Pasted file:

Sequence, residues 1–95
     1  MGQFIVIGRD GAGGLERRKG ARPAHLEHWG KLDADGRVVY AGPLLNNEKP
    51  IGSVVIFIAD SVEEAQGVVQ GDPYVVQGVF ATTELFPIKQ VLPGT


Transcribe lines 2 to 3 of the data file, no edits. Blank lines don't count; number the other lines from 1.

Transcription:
     1  MGQFIVIGRD GAGGLERRKG ARPAHLEHWG KLDADGRVVY AGPLLNNEKP
    51  IGSVVIFIAD SVEEAQGVVQ GDPYVVQGVF ATTELFPIKQ VLPGT